Headline: Behind the curtain

Subhead: Students construct sets for theatre productions

By Shelby Pendowski

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Behind the rows of seats, past the thick velvet curtains and over the worn-in wood floor of the Grand Valley State University Louis Armstrong Theatre is the scene shop. It is in this workshop that eight pairs of hands construct the sets of four main stage productions, one opera and a number of student productions.

“It is more than a typical office job because you get to actually do things and make things and see your accomplishment,” said Lisa Dunkelburger, a scene shop worker.

Under the direction of technical director Chris Mahlmann eight students from various majors and interests work together to create the scenery of many GVSU productions.

Noah Fettig, Alyssa Simmert, Cody Robison, Justin Mackey, Mitchell Schaekel, Mary Fentiman, Brad Schnute and Dunkelburger build side-by-side with student volunteers and students working for class credit.

“When I first came, this was only for work-study students, and I was turning away theatre majors who really wanted to help and wanted to, outside of the class, participate,” Mahlmann said. “Now I can hire one non work-study theatre major, which is great.”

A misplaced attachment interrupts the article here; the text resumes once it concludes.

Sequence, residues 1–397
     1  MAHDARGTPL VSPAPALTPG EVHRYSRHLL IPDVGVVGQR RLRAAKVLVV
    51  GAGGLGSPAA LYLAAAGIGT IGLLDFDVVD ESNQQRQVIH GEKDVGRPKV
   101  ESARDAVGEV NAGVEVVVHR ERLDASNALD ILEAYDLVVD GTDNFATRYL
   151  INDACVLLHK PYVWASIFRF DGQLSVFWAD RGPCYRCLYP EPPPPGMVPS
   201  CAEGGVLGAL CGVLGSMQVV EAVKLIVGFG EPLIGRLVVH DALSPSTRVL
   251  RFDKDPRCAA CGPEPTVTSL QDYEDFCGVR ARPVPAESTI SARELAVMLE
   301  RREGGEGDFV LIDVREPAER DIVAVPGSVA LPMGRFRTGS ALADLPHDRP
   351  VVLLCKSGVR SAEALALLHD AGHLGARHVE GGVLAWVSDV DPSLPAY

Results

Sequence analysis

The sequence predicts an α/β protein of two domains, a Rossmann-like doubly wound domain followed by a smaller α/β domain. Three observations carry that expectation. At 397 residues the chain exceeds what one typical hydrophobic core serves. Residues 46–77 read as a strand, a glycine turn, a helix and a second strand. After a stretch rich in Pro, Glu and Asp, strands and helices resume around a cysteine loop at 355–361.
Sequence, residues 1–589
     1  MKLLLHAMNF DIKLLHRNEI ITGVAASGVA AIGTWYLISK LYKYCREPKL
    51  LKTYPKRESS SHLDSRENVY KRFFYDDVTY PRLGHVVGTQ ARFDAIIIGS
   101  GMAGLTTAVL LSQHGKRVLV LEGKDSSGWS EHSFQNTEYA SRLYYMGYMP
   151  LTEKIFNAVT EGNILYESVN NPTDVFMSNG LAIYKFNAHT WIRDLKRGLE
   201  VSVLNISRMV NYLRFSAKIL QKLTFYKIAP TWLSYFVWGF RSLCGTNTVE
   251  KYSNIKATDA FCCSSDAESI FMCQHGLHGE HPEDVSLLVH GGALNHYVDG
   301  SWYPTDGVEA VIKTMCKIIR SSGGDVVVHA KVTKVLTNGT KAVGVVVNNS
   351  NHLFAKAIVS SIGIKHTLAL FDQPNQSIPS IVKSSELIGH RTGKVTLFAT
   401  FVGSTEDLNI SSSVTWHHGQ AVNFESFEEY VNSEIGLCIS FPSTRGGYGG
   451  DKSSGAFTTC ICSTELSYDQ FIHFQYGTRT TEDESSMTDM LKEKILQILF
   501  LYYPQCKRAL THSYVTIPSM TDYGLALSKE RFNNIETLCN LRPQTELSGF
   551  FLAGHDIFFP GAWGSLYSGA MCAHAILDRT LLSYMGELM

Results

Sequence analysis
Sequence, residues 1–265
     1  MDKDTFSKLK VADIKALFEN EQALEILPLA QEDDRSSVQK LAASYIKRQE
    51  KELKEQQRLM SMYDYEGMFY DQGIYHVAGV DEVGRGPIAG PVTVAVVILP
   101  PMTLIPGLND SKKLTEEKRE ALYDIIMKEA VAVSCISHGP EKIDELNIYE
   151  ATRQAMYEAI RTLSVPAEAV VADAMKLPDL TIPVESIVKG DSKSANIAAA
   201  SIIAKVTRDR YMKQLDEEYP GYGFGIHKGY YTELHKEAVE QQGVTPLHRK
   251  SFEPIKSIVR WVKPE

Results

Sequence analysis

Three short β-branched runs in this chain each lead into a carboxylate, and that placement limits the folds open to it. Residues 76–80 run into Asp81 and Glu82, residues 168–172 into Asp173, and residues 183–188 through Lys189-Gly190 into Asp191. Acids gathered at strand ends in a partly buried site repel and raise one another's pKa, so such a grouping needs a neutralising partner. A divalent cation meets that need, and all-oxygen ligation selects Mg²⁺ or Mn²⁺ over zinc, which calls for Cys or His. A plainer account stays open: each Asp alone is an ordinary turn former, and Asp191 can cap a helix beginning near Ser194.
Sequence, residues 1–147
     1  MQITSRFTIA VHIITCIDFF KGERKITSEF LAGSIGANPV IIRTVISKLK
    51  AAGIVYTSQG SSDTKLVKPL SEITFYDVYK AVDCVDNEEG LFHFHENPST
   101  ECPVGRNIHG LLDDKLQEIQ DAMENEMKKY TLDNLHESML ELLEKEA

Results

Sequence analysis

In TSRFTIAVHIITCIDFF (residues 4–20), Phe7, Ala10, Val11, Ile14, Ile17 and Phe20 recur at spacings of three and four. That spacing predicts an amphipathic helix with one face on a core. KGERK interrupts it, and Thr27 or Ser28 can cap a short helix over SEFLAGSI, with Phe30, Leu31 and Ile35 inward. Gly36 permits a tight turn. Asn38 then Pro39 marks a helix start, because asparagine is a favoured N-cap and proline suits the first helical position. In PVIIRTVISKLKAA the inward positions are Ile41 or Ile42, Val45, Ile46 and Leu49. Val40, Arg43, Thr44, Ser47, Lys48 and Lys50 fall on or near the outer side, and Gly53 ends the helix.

Matthew Fowler began working in the scene shop over a year ago during his Shakespeare shop apprenticeship, but today he is contracted out for work. The reason he continued to work with the program is because of applicable knowledge that the work produces.

“Working in the shop gives you more potential skills, especially if you’re looking to go into the business of theatre,” Fowler said. “The more things you can do the better, especially out in the business of theatre. You got to be able to pitch in and lend a hand.”

It is the continually changing environment and the feeling of accomplishment when the curtains are pulled back on opening night that keeps each of the workers satisfied at the scene shop. Although some of the students work for money, it is more than just a job for many of them.

“Seeing it all come together on opening night,” Dunkelburger said. “It is just a feeling of accomplishment that we managed to get everything done somehow.”

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